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The University of Waikato
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Postgraduate Diploma (PGDip) in Pacific and Indigenous Studies

This course is available

On-Campus

Level of Study

Postgraduate Certificate or Diploma

Duration

1 year

Next start date

Expected Jul 2024

Campus

Hamilton Campus

Summary

Postgraduate diplomas provide the opportunity for continuing professional development in the same area as an original degree. A postgraduate diploma can often lead to a masters degree.

Why study a PGDip?

Postgraduate diplomas generally comprise of a one-year full-time or extended part-time programme of graduate papers.

They build on attainment in a prior degree and demonstrated practical, professional or scholarly experience.

Why study Pacific and Indigenous Studies?

Pacific and Indigenous Studies focuses on the diverse Pacific region – which covers a third of the earth’s surface and is home to over 1200 languages – as well as on the histories, experiences and perspectives of Pacific people in New Zealand. Students of Pacific and Indigenous Studies bring a wide range of background knowledge to their studies: from Pacific students who will find their own perspectives are valued and expanded through academic study in this area, all the way through to students who might have little knowledge about the region but bring a desire to learn about where we are. All students of Pacific and Indigenous Studies learn a lot about the region and where we are, and also practice and develop skills of critical thinking, communication, and analysis of diverse perspectives. This learning of specific content and skills is underpinned by questions which relate to the people of the Pacific region and the big questions of the 21st century: what does it mean to be human? What is the relationship between knowledge and power? What are the real costs and opportunities related to development, cultural change, and migration? What is the difference between equality and sameness? How do we learn from histories (of greatness and of genocide) in order to shape a better future? What legacy do we want to leave for the 22nd century? Unlike other New Zealand or regional universities, Pacific Studies at Waikato is paired with Indigenous Studies – because this reflects our approach to the study of the region: Pacific-centred; and guided by the ideas about culture, politics, history, arts, migration and sustainability that underpin Pacific Studies and Indigenous Studies. Students who major in Pacific and Indigenous Studies at Waikato explore key regional and local issues related to the Pacific through a series of core papers, and also have a chance to focus on areas of their own interest through papers offered by academics working in a wide range of disciplines. Ever wondered why the 21st century has been described as ‘the Pacific century’?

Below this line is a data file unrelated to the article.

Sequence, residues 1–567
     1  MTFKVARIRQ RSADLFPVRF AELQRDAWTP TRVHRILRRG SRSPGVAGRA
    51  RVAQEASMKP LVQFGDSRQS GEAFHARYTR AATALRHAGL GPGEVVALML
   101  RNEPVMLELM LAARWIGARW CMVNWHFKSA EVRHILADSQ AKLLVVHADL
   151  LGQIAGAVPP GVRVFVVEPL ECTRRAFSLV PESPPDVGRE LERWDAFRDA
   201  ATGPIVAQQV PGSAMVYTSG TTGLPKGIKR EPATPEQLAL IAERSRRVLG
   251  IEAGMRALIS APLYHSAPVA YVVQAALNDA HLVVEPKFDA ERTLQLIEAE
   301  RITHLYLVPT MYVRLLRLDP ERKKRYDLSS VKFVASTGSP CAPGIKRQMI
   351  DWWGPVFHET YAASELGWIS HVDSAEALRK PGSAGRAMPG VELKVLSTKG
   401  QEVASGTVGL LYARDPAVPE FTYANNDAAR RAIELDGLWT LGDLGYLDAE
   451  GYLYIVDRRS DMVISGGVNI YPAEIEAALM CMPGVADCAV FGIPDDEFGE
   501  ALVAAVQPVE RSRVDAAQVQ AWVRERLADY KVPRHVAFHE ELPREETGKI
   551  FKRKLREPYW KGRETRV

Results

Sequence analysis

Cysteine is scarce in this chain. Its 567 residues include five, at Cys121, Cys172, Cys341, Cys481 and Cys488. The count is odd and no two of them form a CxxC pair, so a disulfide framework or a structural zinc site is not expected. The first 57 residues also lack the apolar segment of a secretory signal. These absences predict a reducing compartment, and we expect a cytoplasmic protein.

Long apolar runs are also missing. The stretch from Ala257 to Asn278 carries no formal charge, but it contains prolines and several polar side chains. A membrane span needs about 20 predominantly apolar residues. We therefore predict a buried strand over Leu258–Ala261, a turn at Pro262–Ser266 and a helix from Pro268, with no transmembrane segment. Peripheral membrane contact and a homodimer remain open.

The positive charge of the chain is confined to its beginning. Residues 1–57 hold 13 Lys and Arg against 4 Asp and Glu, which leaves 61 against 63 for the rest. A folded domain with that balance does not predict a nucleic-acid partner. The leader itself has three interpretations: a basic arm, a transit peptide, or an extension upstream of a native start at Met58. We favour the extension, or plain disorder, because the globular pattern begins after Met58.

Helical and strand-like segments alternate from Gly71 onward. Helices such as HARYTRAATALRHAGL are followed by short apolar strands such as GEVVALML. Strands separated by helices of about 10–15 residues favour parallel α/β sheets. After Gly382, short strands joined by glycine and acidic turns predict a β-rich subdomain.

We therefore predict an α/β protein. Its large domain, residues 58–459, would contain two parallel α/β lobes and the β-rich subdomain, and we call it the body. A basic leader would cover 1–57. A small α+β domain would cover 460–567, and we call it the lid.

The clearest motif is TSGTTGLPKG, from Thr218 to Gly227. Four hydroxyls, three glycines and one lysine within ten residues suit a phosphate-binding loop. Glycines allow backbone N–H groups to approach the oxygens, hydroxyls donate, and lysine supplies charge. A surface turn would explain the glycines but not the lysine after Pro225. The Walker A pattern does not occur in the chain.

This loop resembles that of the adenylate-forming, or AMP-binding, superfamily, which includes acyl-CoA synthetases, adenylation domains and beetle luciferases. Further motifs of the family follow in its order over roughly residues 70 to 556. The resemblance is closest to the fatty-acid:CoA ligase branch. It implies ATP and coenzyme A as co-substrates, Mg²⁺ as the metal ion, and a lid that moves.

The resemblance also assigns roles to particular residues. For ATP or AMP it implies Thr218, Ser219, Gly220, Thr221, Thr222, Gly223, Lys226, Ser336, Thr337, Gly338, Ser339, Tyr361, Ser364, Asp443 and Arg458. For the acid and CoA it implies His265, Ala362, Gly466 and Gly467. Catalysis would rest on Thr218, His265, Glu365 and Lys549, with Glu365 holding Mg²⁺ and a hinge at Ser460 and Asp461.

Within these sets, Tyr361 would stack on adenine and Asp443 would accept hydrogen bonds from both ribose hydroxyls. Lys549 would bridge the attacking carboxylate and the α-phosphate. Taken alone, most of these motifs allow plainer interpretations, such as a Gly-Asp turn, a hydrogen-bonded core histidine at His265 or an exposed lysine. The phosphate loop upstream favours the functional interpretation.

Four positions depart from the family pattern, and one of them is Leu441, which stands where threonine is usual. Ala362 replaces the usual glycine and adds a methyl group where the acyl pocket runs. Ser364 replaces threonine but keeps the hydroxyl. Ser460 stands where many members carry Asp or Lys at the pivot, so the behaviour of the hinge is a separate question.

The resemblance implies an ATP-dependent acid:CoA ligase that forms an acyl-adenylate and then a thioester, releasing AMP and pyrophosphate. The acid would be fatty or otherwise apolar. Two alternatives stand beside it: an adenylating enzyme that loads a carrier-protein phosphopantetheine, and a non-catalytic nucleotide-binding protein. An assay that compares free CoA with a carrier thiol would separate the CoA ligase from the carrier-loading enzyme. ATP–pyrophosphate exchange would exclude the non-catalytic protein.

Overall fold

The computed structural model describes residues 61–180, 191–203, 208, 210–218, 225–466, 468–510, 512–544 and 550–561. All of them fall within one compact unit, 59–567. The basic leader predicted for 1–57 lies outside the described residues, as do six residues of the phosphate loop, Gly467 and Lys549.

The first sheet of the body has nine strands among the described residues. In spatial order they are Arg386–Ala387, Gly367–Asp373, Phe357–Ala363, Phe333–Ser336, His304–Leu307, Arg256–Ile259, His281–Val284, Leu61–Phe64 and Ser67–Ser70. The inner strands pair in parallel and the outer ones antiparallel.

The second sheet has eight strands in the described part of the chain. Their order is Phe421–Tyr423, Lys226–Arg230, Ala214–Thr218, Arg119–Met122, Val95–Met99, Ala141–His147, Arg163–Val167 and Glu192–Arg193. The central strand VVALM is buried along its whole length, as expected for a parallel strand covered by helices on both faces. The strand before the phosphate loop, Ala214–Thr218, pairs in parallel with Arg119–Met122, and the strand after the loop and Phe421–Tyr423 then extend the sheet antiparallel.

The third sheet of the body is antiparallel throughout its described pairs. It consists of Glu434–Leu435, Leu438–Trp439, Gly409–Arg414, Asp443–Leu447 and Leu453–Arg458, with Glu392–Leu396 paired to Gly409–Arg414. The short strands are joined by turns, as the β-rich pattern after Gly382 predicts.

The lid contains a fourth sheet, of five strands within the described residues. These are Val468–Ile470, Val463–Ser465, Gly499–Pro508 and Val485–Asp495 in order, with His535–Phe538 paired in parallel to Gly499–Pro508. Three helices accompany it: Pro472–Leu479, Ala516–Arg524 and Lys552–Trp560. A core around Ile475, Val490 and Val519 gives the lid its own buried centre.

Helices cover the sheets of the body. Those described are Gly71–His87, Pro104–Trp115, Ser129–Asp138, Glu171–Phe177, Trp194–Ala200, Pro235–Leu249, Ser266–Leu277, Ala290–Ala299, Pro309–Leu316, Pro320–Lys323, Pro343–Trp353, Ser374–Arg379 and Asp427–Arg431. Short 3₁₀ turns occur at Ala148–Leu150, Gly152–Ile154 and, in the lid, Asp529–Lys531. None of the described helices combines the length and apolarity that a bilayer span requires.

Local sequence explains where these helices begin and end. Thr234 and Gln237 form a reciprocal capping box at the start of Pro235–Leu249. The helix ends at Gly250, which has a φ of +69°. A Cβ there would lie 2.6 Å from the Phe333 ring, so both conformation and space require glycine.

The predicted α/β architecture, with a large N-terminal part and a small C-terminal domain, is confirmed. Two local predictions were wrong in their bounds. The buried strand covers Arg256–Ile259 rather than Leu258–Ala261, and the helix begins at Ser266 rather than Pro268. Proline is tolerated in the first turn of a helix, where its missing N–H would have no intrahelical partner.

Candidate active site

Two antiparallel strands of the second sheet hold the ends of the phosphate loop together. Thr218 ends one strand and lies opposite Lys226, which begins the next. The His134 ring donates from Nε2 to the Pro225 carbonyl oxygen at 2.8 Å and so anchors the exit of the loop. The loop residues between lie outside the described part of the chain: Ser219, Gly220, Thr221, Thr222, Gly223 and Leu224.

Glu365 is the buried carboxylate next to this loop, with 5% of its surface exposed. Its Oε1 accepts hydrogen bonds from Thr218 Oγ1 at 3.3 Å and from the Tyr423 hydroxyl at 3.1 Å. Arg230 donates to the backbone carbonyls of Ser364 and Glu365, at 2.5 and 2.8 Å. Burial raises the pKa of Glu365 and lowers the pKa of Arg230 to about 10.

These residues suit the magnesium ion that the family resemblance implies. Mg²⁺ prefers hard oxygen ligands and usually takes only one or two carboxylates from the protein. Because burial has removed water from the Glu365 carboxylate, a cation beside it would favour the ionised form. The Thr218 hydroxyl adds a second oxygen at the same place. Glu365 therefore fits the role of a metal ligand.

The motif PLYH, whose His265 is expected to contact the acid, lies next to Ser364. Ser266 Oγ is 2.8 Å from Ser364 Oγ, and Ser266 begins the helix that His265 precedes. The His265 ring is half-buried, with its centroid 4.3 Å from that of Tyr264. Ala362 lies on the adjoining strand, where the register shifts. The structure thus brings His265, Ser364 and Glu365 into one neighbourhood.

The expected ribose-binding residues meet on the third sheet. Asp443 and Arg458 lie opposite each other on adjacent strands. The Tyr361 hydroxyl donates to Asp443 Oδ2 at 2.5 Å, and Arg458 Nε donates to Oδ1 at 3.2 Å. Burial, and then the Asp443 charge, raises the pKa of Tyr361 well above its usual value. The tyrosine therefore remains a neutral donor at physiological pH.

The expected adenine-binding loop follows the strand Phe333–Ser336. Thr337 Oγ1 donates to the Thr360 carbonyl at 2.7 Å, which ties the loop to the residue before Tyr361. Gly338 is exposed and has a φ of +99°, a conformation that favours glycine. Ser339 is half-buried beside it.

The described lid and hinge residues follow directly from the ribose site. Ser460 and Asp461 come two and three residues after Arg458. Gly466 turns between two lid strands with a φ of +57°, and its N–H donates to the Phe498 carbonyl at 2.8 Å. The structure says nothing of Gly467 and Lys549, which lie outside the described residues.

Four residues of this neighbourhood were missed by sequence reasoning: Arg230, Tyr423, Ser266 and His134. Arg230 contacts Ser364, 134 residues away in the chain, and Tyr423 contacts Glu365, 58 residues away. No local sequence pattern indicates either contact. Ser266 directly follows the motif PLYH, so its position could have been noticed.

Career Opportunities

Broadcasting and Journalism

Educationalist

Government Policy Analyst

International Development Practitioner

Research Consultant

Entry criteria

PGDip candidates must have qualified for a bachelors degree of the University of Waikato or an equivalent qualification, and have completed study at an advanced level in the subject they wish to take.

Otherwise, candidates may demonstrate to the satisfaction of the Academic Board that they have adequate training, experience and ability, and have satisfied the prerequisites for graduate study in the subject(s) being taken for the Postgraduate Diploma.

English Language Requirements

  • an Academic IELTS Overall score of at least 6.5 (with no less than 6.0 in any band), or
  • a TOEFL iBT (Internet Based TOEFL) score of 90 with a Writing score of 21, or
  • a TOEFL iBT Home Edition overall score of 90 with a Writing score of 21, or
  • a B grade or better at Level 8 in the Certificate of Attainment in Academic English, or
  • a PTE Academic overall score of 56 with no band less than 46, or
  • a Language Cert International ESOL (LRWS) C1 Expert with an overall high pass and no less than a pass in each skill, or
  • a Language Cert International ESOL (LRWS) B2 Communicator with 38-50 score per skill, or
  • awarded a New Zealand Certificate in English Language (Academic) (Level 5), or
  • a Trinity College London Integrated Skills in English (ISE) III with a pass in all four components, or
  • a B2 First (formally known as Cambridge English: First (FCE)) with an overall score of 176 and no bands below 169, or
  • a C2 Proficiency (formally known as Cambridge English: Proficiency (CPE)) with an overall score of 176 and no bands below 169, or
  • a Michigan English Test (formally known as Michigan English Language Assessment Battery (MELAB)) minimum score of 59.

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